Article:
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Get Yourself a College Girl (DVD Review)

23 May, 2011 By: Mike Clark

Available via WBshop.com’s Warner Archive
$19.95 DVD
Not rated.
Stars Mary Ann Mobley, Chad Everett, Joan O’Brien, Nancy Sinatra, Chris Noel.

For ample proof that MGM was in deep, deep trouble in terms of gauging changing tastes well before the dreaded James Aubrey regime of the early 1970s, here’s a Sam Katzman December-release quickie that studio suits elected to toss into the same late-year marketplace as Goldfinger, My Fair Lady and Cary Grant’s final romantic role in Father Goose. Though the movie is so frugally mounted that it possibly turned a mild profit, one’s immediate response is to say, “Get yourself some red ink.”

Yet speaking purely theoretically and not in terms of execution, perhaps producer Katzman — who deserves a Cooperstown wing all his own in a big-screen Hall of Schlock just for having putting George Jessel and his William Howard Taft demographic with Willie and the Hand Jive’s Johnny Otis in the same movie (Juke Box Rhythm) — may have been onto something. Not long after Girl came out, my best friend took a blue-collar job at which a work colleague asked a lot of questions in Jonathan Winters intonations. Questions like, “You ever have a girl bite your stomach?” and the big one: “You ever get any of that college (pronounced ‘col-wege’) stuff?” Maybe this movie was for that guy.

We begin with a student played by onetime Miss America Mary Ann Mobley, who does her part for coming sexual liberation here by almost getting bounced from something called Wyndham College for composing a randy tune on the subject whose lyrics include the words, “Siggy Freud.” Prunes of both sexes on Wyndham’s board are shocked — just as townsfolk were shocked in Katzman’s ‘50s’ Bill Haley movies about this new thing called rock ‘n’ roll. Fortunately, snowy holidays are coming up, so the wise woman dean (how did she get here?) suggests a cooling off period — which works out appropriately enough because the young women (no, wait, girls) are on their way to Sun Valley. Or, actually, a matte painting of Sun Valley in which the cast can walk in front of when they’re not skiing against rear-screen projection.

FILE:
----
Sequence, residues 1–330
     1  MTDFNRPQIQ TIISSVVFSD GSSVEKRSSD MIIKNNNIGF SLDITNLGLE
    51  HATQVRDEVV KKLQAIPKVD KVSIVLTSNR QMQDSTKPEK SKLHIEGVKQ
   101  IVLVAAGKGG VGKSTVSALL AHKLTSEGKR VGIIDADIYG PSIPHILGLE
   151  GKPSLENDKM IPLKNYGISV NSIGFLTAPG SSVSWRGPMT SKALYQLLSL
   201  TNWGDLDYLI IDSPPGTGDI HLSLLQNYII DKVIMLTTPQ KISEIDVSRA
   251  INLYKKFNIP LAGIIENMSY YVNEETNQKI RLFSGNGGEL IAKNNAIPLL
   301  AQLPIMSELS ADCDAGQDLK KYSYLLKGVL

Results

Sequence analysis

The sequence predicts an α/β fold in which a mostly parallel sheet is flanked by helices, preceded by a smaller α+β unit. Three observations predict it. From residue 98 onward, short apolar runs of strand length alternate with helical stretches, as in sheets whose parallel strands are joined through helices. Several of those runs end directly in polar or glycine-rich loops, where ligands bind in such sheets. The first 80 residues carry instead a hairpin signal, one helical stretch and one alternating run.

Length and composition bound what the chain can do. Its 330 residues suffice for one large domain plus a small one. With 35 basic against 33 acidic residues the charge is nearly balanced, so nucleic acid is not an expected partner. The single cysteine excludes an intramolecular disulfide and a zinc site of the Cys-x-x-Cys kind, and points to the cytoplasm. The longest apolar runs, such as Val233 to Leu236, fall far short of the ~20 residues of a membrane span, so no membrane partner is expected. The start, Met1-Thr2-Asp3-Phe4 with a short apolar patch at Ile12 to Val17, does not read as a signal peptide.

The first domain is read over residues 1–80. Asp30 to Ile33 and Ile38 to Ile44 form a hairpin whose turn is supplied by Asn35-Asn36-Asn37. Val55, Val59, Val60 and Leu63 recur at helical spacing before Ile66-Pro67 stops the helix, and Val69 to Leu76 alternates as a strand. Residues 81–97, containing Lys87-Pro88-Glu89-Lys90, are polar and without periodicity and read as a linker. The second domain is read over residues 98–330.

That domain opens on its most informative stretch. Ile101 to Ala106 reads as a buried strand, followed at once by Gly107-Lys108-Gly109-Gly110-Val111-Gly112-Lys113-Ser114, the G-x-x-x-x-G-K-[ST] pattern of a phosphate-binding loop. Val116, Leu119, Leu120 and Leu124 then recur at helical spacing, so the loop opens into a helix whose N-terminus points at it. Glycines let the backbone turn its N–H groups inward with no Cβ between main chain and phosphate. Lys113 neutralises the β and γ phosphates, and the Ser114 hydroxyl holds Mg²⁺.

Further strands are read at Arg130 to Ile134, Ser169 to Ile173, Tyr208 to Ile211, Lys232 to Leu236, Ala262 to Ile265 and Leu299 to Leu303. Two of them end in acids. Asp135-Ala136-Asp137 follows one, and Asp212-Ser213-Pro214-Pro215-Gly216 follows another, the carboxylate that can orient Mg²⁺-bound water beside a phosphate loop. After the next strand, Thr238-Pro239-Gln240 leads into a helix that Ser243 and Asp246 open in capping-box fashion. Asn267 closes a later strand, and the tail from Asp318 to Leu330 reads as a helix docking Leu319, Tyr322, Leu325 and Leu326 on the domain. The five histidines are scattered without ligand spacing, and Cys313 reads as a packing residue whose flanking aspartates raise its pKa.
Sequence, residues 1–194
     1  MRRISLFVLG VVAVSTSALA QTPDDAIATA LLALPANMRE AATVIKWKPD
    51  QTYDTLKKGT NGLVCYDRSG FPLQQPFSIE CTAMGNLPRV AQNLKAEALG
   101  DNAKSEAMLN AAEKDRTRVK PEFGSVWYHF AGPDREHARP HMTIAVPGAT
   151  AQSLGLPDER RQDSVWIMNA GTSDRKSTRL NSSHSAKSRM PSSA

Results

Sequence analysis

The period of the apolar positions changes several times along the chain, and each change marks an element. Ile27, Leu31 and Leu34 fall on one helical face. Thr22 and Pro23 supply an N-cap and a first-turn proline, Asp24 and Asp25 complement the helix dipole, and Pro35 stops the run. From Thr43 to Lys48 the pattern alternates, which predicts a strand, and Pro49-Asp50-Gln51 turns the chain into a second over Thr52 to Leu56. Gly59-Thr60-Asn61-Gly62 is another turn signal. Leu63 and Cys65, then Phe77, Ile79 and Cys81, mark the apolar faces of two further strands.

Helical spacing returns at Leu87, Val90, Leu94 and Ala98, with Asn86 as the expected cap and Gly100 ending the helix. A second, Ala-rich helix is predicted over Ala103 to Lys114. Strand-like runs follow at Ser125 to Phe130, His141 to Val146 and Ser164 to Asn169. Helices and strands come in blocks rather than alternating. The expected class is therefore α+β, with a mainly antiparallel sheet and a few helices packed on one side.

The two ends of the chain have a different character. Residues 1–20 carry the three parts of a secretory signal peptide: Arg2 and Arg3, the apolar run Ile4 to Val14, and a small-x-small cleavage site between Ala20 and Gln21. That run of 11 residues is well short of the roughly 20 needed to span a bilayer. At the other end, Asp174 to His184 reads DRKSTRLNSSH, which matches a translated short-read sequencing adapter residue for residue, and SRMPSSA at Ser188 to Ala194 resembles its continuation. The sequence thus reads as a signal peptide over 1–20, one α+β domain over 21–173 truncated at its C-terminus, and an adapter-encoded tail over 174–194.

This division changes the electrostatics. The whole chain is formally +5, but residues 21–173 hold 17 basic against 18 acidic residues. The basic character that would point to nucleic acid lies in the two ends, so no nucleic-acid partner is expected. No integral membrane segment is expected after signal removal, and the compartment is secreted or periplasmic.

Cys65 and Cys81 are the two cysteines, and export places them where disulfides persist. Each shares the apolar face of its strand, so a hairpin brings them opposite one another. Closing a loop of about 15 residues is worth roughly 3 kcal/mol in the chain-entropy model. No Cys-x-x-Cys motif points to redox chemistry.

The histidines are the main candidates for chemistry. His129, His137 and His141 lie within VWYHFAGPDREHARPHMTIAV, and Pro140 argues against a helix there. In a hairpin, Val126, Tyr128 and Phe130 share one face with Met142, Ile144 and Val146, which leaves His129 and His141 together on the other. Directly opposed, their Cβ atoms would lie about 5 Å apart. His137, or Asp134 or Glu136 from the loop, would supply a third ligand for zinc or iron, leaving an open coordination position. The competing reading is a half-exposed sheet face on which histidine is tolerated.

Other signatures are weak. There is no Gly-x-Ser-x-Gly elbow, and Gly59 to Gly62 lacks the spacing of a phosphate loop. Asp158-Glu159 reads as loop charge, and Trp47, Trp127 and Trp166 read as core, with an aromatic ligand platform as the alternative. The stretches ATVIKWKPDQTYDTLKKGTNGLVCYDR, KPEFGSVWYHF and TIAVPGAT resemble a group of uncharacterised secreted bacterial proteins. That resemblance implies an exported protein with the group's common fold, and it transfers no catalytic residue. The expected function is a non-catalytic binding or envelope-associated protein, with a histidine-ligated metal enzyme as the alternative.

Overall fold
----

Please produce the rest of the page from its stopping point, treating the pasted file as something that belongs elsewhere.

More or less chaperoning them is an older college employee played by Joan O’Brien, who was an ancient 28 or so here. But O’Brien wasn’t a brief Elvis flame in real life for nothing, so she fits right in with a full 1.85 Metrocolor frame of hotties — though, in truth, my 22-year-old son instantly pointed to co-star Chris Noel, dismissed the also-rans and said, “She’s the one.” (I’d have to agree.) Nancy Sinatra plays the one group member who’s married, which means the script gives her character permission to shack up with a husband for almost the entire picture. Watching Nancy here before her boots started walking, I kept thinking of the old Mad Magazine regular feature: “Scenes We’d Like To See.” Mine is Frank in a station wagon watching this movie at the Palm Springs’ Drive-In’s 4 am “coffee and donuts show” after three other features — all starring Jerry Van Dyke — have preceded.

The Dave Clark Five and The Animals appear in what had been a big year for both groups but don’t sing any of their hits. Stan Getz and Astrud Gilberto do perform their biggest — “The Girl from Ipanema” — but the staging is bereft of imagination (I kept thinking of Martin Scorsese’s two studio-shot numbers with Emmylou Harris and The Staples in The Last Waltz, dreaming of what could have been). Wearing a turban, character actor Willard Waterman (once radio and TV’s “The Great Gildersleeve”) gets up on the dance floor for a pants-falling-down gag, and there’s also a cut from dancers doing the Watusi to stock footage of peripatetic African natives from what I assume is MGM’s 1959 Watusi — or maybe it’s the stock footage that Watusi recycled from 1950’s King Solomon’s Mines. MGM in those days would get good grades from today’s environmentalists for all the recycling they used to do.

If it’s all getting too complicated, this Warner “on-demand” title simply is what it is — which means that male lead Chad Everett (a couple years before he starred in The Singing Nun) is going to be characteristically unctuous in a Midwest country club kind of way. It also means that this later-to-late Katzman has a certain period charm — even though its release virtually simultaneously with Berkeley’s “Free Speech Movement” means that it was already out of its period. Not all that long after this, the movies would have felt the pressure to remount this as Get Yourself a College Girl To Bite Your Stomach — at least for the Times Square engagements.

About the Author: Mike Clark

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